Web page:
April is Poetry Month: How to Write Poetry

If you want to begin writing poetry, start today! It doesn’t matter how it turns out. Your own mistakes will become your teachers. Your own writing will motivate you to greater creativity. Once you start the process, how do you improve it?

  1. Use nouns and verbs more than adjectives. Which is stronger: “She was as beautiful as a flower…” or “Roses wilted in shame as she passed by…”? “He looked at the depressing clouds…” or “He watched as dark clouds moved in, covering his sky…”?
  2. Don’t tell the reader how to feel. Let the words elicit the emotions directly, without explaining. “The tragedy touched them all,” is more touching to the reader as “Men and women, doctor and workman… thirteen people looked upon the scene… with tears in their eyes.”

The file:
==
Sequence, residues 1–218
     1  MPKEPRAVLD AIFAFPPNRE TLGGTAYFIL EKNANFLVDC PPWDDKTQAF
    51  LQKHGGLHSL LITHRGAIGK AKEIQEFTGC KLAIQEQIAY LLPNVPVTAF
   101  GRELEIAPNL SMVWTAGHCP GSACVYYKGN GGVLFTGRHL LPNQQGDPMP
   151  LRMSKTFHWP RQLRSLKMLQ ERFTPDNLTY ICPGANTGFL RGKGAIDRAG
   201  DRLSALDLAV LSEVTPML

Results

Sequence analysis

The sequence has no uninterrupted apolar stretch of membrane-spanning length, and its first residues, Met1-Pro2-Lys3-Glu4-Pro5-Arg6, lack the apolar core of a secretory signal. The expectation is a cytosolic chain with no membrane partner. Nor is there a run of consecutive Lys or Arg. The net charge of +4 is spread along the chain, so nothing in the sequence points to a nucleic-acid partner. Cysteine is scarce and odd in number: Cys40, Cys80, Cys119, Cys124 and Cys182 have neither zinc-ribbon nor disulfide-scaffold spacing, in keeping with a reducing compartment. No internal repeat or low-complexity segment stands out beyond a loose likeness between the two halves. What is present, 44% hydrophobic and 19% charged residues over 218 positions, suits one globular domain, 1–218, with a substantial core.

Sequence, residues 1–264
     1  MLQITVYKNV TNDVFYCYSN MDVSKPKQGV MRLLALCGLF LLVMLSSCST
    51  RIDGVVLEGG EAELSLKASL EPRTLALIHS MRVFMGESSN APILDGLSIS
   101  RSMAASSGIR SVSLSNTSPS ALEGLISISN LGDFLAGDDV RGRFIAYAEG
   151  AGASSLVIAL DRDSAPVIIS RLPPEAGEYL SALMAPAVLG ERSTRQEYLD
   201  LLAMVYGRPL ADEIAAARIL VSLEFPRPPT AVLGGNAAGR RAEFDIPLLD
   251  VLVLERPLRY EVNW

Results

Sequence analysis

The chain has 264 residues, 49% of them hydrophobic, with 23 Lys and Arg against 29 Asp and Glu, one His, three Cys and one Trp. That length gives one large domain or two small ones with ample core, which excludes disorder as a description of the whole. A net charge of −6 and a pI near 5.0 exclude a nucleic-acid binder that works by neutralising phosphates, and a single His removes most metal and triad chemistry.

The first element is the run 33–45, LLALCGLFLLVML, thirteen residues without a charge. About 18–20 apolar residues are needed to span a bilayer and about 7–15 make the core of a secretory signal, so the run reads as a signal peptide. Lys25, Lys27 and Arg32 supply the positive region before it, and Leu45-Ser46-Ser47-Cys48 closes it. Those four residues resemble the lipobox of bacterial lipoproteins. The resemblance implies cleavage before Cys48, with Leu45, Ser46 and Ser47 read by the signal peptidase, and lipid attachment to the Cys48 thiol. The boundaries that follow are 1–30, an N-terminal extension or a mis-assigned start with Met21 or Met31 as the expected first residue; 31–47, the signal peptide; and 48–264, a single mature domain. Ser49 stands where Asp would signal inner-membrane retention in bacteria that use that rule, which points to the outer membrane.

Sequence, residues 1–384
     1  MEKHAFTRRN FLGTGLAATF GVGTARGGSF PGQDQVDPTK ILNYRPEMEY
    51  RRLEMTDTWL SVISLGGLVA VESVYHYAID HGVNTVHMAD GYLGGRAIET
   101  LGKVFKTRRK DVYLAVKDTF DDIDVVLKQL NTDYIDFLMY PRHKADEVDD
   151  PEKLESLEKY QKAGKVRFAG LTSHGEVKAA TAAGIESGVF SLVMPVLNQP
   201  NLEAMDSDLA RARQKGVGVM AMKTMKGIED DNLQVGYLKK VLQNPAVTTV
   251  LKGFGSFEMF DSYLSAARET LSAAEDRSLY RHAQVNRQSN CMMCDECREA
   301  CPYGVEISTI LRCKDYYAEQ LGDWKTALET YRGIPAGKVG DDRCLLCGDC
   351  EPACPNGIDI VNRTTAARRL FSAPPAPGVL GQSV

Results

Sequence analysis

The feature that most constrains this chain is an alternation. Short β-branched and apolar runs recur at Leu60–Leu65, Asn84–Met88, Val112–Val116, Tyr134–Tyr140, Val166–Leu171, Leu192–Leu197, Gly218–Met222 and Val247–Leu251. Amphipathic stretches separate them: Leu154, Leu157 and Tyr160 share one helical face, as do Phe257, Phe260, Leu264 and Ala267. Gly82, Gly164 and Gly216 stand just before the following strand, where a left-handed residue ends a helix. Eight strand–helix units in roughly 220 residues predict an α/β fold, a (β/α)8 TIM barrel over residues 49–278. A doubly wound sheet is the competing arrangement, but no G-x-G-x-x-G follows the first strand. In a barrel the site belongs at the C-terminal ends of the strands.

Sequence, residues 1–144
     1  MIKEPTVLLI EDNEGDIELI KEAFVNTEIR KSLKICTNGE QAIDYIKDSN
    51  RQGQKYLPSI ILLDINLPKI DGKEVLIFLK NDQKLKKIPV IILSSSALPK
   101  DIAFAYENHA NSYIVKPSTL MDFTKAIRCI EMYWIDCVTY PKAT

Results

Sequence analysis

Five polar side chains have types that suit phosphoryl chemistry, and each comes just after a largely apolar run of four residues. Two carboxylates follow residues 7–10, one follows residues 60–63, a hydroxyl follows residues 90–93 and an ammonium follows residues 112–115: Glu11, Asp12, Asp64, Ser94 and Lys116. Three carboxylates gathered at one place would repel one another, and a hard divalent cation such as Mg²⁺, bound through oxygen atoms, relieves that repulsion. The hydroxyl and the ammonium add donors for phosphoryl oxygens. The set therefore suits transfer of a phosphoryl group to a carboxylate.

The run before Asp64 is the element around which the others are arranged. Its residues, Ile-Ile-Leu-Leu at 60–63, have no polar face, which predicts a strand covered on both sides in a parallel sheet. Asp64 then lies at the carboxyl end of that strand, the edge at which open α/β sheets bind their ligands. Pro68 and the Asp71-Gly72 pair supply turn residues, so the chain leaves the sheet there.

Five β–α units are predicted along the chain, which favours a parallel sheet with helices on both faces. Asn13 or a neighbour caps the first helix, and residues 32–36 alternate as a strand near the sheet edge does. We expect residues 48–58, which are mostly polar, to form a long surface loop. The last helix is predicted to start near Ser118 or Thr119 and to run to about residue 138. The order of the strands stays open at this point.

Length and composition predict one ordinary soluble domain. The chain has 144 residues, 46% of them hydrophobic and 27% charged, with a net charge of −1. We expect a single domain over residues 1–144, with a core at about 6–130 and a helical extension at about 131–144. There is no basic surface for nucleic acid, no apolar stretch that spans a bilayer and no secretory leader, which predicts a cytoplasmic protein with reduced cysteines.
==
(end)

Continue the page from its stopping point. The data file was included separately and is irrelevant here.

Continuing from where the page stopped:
3. Use dramatic and emotional words. Not all words are equal in their ability to “grab” a reader or elicit emotion. “Fell,” “take,” and “love,” will probably be weaker than “plunged,” “seized,” and “worship.”
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